On the vast Saint Vincent lawns in the morning and again on the sizzling afternoons, Ray Horton floats behind his defensive backs as they drop and cover, rewarding them with praise for a seamless episode, reinforcing principles regardless of the particular outcome.
"That's nice work, nice work," he barks. "Protect deep; break up. Ike, you're fine. You're fine."
The defensive backs coach probably hadn't intended to state policy, but Ike Taylor is apparently fine at left corner, back at the top of the depth chart and evidently clean-slated by a new coaching staff that looks by half like the old coaching staff, but under a head coach who can't possibly be any newer.
"I try not to have any preconceived notions about what guys are capable of," Mike Tomlin said after the afternoon's rather ferocious session.
That, too, is policy, and though it wasn't specific to Taylor, the fifth-year defender out of the University of Louisiana-Lafayette ("oo la la" to the chronically hip) has to feel like a beneficiary.
Just as someone saw something that morphed a virtually infallible component of the Steelers' celebrated defense into a screaming liability last November, someone this summer weighed that against Taylor's immense athleticism -- and said, "Yeah, we can fix this."
To review, inside of 10 months Taylor went from regularly drawing the opposition's top receiver, just as regularly turning him into a nonfactor, intercepting passes in the AFC Championship game and the Super Bowl (at the Steelers' 5 as they led Seattle by four no less) to not even starting in five of the last six games in 2006. The only reason he started last year's final game at Cincinnati was that Deshea Townsend was out with a hand injury.
Beginning on the afternoon of Nov. 5, when Denver's Javon Walker outmaneuvered Taylor on twin fade routes for touchdowns and scalded him twice more for gains of 38 and 61 yards, Ike ceased being the player who eliminated the threats posed by people like Chad Johnson and Randy Moss and cocooned into the kind of corner the Steelers wouldn't dream of giving a $22.5 million, five-year contract.
Except they already had.
"That Super Bowl year, I could do no wrong," Taylor said yesterday. "You can't ever be perfect, especially as a cornerback, but I came close to a perfect season. I knew that wouldn't last forever. Something had to give. It's an up and down thing. It's like the stock market."
Cornerback is assuredly among the most difficult of the football occupations. You're either running down Ferrari's or darting into the path of oncoming trucks. You are highly conspicuous. The facts of NFL life are that you are going to get beat. NFL receivers beat corners almost by definition. If they don't, they're not NFL receivers for long.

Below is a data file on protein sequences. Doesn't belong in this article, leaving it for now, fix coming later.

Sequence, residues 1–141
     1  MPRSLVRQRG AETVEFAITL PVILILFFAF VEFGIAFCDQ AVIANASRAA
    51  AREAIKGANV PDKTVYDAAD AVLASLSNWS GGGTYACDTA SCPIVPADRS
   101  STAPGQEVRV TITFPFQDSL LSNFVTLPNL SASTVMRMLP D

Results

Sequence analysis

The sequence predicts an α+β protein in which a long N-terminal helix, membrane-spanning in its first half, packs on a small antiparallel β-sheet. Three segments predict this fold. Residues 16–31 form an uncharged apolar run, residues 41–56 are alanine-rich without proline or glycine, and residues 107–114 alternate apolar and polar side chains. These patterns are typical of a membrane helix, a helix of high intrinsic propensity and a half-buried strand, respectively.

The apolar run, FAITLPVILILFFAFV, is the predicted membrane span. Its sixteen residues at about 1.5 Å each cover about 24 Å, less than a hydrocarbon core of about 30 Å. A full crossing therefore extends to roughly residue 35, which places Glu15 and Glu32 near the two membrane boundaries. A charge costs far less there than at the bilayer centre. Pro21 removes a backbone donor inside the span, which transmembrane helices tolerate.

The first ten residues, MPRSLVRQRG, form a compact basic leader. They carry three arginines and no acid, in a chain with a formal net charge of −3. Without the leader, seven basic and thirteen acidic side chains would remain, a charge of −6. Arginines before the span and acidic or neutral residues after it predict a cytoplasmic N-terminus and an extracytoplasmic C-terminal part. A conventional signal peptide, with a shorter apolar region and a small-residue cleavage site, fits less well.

All of which is what made Taylor so special in the first place. As recently as October, he was holding Johnson to one catch for 11 yards and a mere seven volumes of trash talk. He held Moss to two catches and 20 yards at Oakland.
But confidence is a quixotic thing. It gets lost like car keys, or it swells to some indefinable dimension at which a bad play or three rattles a corner so badly he overcompensates into additional mistakes.
Taylor pleaded not guilty to both.
"No, look, I've been dealing with adversity my whole life," he said. "When I was in college, I was a running back in my junior year. When I came to my first training camp they had Dwayne Washington and Chad Scott. I'm a fourth-round [draft pick] and in my second year, they draft a corner [Ricardo Colclough] in the second round. The next year they take another corner in the second round [Bryant McFadden].
"It's always felt like I'm going to be the odd man out, so what can you do other than work hard? I'm playin' for the 10 other guys on the defense. I know we have great fans all over the world and I appreciate them, and I respect the coaches, but really, I just don't want to let those 10 down. That's all I'm trying to do."
In the hottest minutes of yesterday, Taylor lined up one-on-one with Santonio Holmes, the fleet wideout. Holmes burst off the line like a cougar just as Taylor began to backpedal, gave Ike a little stop-and-go move that Taylor dutifully shadowed, and streaked down the sideline.
But Holmes didn't come close to out-running Ike Taylor. Not really.
"Ike, that's perfect!" hollered Horton, momentarily ignoring perhaps one slim imperfection. "Just catch the ball next time."Matt Freed, Post-Gazette
Ike Taylor works around Nate Washington at training camp yesterday at Saint Vincent College in Latrobe.
Click photo for larger image.